I know Maine is called “Vacation Land,” but I need a city fix to unwind. Nature can be too harsh. In late February my coastal paradise was glazed in ice and buried under two feet of melting snow. (It still is.) Harvard Square is only two and a half hours south . . . well, six hours if it’s stormy on the way back.
It was still worth a return to my old home. After growing up in NYC, I went to college and graduate school in Cambridge, Massachusetts. My husband and I met at Harvard (left), and our two kids were born in Boston. Our teenaged daughter must have inherited my urban genes because she loved our trip to Harvard Square. Her brother stayed back to compete in the Maine State Championship in Nordic Skiing, and her sad dad had to work. It was a girls-only vacation.
We stayed at the Charles Hotel. Our room overlooked Harvard University and the Boston skyline. Henrietta’s Table served the best Belgian waffles and fresh tropical fruit. There’s a glass-encased lap pool and an outdoor skating rink in this luxurious hotel. We were well pampered, but we didn’t spend too much time in our comfortable room.
The Harvard Museum of Natural History has the most amazing exhibit of glass flowers (above.) They were made in 1887-1936 by a father and son team in Germany and have been used ever since to teach botany. My daughter, who inherited my glass animal collection, could not believe the flowers were not real. We also loved the gorgeous gemstone exhibit. I got nostalgic walking around campus, but my daughter is too young to be thinking much about college yet. If you ask her, she'll say she wants to go to Oxford University in England after our sabbatical there. Oxford was also her dad's alma mater.
Catering to many international students, Harvard Square has a broad selection of affordable ethnic food. We had lunch at Chutneys (right) in The Garage Shopping Center. A nanini (nan bread+panini+curry+rice) is the best idea ever! The paratha wrap was tasty too. Our meals with samosas and a fresh mango lassi came to less than $10/person. It was not so much fast food as good food fast.
My beloved Herrell's had just shut, but a friend recommended Lizzy's and JP Licks for homemade ice cream. Steve Herrell founded Steve's ice cream in 1973 and sold his first name chain. He then reopened under his last name on a smaller scale. Both local chains still exist but not in Harvard Square. My daughter liked JP Licks, but it wasn't the same as sitting inside an old bank valt painted like a fish tank while spooning salty-sweet malted vanilla ice cream with Heath Bar - Reese's smoosh-ins, laughing with a friend. That was the flavor of college for me.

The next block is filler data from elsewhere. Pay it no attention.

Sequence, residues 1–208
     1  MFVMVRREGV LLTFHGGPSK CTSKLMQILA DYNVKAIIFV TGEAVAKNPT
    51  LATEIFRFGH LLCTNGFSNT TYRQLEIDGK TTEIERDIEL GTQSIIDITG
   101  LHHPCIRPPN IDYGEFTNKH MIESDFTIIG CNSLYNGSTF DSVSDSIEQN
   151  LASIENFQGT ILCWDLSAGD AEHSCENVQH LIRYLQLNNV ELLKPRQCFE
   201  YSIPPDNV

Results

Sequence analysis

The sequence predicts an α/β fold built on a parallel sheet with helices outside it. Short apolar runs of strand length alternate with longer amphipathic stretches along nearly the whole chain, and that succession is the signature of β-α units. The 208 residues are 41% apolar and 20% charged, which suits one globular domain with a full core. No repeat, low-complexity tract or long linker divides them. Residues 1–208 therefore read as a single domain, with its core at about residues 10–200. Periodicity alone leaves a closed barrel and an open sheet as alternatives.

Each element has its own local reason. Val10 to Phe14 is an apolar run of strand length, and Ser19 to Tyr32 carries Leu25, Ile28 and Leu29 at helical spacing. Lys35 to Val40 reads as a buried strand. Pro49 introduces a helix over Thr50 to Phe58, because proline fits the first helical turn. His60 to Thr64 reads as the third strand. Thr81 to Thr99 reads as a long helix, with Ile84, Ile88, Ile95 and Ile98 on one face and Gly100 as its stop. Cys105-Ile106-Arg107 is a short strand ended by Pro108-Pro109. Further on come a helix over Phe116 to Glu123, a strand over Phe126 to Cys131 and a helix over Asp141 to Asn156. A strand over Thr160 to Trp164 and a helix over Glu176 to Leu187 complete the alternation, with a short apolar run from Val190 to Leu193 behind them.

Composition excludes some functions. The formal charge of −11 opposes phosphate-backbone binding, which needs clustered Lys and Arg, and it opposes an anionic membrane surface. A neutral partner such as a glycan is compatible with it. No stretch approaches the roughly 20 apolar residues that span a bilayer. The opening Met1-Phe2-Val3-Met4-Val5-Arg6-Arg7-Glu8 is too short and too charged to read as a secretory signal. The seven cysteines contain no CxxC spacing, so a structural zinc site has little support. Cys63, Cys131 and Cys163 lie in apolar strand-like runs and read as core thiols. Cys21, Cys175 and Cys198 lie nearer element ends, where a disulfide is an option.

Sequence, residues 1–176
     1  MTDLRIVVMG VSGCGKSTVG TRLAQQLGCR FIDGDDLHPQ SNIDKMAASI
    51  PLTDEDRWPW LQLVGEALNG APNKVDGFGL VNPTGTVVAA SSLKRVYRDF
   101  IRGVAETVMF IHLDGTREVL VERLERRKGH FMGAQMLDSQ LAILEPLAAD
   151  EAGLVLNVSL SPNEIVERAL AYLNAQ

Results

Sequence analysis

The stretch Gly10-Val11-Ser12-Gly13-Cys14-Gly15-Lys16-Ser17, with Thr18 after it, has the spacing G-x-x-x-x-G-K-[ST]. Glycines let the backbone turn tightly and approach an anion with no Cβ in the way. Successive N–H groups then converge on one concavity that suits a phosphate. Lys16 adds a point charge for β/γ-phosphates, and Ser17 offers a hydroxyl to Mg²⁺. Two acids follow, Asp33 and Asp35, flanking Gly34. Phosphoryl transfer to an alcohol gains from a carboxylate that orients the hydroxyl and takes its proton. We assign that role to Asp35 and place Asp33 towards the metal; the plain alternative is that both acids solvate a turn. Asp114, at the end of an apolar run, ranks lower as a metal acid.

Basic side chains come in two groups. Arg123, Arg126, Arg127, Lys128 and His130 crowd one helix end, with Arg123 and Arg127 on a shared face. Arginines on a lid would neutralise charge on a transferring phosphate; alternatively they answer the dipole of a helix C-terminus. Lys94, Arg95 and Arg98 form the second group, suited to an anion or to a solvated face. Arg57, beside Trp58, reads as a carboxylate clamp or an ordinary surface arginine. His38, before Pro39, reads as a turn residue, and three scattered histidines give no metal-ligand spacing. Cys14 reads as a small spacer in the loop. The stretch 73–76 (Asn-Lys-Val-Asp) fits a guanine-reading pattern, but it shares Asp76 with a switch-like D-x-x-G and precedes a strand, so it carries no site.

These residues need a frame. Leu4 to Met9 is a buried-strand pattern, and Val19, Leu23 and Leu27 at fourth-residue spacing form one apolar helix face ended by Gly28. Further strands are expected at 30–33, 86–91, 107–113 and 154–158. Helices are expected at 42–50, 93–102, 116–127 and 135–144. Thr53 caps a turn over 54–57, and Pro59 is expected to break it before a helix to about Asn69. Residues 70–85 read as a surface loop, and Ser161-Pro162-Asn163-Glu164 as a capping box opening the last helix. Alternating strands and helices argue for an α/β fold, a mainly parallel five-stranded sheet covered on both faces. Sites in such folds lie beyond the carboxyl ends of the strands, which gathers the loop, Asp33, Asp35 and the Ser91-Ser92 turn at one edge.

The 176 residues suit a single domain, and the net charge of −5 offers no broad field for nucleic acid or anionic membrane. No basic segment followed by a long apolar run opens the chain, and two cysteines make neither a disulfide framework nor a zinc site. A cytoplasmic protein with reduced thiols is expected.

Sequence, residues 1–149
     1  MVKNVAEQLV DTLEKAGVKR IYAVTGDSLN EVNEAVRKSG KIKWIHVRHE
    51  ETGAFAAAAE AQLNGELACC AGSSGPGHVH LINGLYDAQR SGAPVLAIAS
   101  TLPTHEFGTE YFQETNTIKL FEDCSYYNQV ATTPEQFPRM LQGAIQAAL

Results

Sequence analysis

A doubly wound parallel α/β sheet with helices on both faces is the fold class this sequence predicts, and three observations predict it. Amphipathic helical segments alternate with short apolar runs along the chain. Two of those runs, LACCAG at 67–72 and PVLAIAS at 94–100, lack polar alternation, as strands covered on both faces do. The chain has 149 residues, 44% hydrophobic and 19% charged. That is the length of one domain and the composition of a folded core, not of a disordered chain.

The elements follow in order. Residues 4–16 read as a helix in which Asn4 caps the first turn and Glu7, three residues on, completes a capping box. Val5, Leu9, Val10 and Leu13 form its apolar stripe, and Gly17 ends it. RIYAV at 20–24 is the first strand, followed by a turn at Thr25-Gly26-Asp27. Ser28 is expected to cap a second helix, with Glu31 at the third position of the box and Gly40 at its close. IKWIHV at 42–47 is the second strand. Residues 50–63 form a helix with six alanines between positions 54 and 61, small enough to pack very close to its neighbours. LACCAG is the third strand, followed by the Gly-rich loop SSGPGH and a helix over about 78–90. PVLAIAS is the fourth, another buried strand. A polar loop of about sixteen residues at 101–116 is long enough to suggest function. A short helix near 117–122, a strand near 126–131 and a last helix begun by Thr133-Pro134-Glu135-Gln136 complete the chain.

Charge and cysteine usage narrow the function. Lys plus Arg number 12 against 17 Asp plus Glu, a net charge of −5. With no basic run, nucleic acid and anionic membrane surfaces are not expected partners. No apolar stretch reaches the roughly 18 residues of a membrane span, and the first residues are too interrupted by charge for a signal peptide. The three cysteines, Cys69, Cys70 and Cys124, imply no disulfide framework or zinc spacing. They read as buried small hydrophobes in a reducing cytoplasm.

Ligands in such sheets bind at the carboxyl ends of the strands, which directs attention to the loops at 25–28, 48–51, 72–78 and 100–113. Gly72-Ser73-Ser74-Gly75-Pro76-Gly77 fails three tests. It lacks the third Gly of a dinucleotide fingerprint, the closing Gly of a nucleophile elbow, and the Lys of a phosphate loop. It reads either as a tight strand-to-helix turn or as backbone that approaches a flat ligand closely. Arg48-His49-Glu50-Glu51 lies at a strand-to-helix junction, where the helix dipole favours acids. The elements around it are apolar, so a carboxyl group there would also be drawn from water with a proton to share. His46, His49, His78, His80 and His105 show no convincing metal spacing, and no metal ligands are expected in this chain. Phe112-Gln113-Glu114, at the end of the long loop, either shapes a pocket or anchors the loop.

For dinner we had delicious Korean and Japanese food at Shabu Ya (above), the former Shilla. Their specialty is Shabu Shabu, a one-pot meal of thinly cut beef and vegetables that you cook in a savory broth at your table. It was a good sign that most of the clients were Asian. Another good sign: my husband and I have been dining there for over two decades. Two locations ago, Henry first met my parents for dinner there. My parents also met and fell in love in Cambridge 50-something years ago. It's a special place for me.
Café Algiers (left), another old college haunt of mine. At the table beside us, two women were chatting in French. Sipping fresh mint tea and nibbling baklava, we felt transported to Algeria. It has the best atmosphere if not the best tea. Still, nobody rushes you and it's quiet, a great place to catch up with an old friend.
Afterwards, we found terrific sales on clothing and browsed in bookstores. The Harvard Book Store, featuring new and used books, has been there since my college days. Several other independent bookstores were long gone, sadly. The adorable Curious George store is all that’s left of the old WordsWorth. Tween/teen chapter books were in the basement along with some adult crossover fiction. I was pleased to spot Ellen Booraem’s Small Persons with Wings sparkling (silver glitter letters!) on a display shelf.
We ran out of time to do everything on our list, like making earrings at the Boston Bead Company, sipping hot chocolate at Burdick's or scoffing cupcakes at Sweet. Sure beats mud season in Maine.
Happiness Watch: The 2010 Gallup poll rated American congressional districts by national well-being, looking at indicators such as emotional status, work satisfaction, eating habits, illness, stress etc. The NYT reporting last Sunday, tracked down "America's Happiest Man" and shared a fascinating map of national happiness.
Al Miller at the Theater Project in Brunswick, Maine has adapted Shift by Charlotte Agell to the stage. I'll be attending the opening on Friday night, March 11th. The play runs on weekends through March 20th. Charlotte has been advising this teen production based on her dystopian novel for young adults.
Lots of Shakespeare in NYC this spring.
Hello from South Carolina!
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